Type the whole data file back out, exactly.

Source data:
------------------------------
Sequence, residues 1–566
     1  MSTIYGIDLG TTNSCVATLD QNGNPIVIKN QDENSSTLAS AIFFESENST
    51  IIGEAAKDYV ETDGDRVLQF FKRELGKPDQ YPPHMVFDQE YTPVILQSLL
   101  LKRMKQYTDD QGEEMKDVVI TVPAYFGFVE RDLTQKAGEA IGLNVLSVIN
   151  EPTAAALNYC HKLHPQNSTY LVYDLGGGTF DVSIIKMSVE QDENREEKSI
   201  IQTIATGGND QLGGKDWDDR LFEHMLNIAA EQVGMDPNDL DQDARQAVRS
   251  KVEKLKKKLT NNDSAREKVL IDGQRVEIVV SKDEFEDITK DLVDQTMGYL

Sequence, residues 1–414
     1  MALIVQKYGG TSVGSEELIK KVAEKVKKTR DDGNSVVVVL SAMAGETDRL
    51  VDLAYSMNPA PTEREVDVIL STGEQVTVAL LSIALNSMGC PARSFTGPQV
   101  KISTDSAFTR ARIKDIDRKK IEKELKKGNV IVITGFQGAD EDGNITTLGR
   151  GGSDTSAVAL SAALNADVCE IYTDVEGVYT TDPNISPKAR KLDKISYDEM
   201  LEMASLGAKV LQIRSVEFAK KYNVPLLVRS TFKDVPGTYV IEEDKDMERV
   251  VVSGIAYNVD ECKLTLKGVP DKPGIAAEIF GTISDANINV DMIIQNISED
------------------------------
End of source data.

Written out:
Sequence, residues 1–566
     1  MSTIYGIDLG TTNSCVATLD QNGNPIVIKN QDENSSTLAS AIFFESENST
    51  IIGEAAKDYV ETDGDRVLQF FKRELGKPDQ YPPHMVFDQE YTPVILQSLL
   101  LKRMKQYTDD QGEEMKDVVI TVPAYFGFVE RDLTQKAGEA IGLNVLSVIN
   151  EPTAAALNYC HKLHPQNSTY LVYDLGGGTF DVSIIKMSVE QDENREEKSI
   201  IQTIATGGND QLGGKDWDDR LFEHMLNIAA EQVGMDPNDL DQDARQAVRS
   251  KVEKLKKKLT NNDSAREKVL IDGQRVEIVV SKDEFEDITK DLVDQTMGYL

Sequence, residues 1–414
     1  MALIVQKYGG TSVGSEELIK KVAEKVKKTR DDGNSVVVVL SAMAGETDRL
    51  VDLAYSMNPA PTEREVDVIL STGEQVTVAL LSIALNSMGC PARSFTGPQV
   101  KISTDSAFTR ARIKDIDRKK IEKELKKGNV IVITGFQGAD EDGNITTLGR
   151  GGSDTSAVAL SAALNADVCE IYTDVEGVYT TDPNISPKAR KLDKISYDEM
   201  LEMASLGAKV LQIRSVEFAK KYNVPLLVRS TFKDVPGTYV IEEDKDMERV
   251  VVSGIAYNVD ECKLTLKGVP DKPGIAAEIF GTISDANINV DMIIQNISED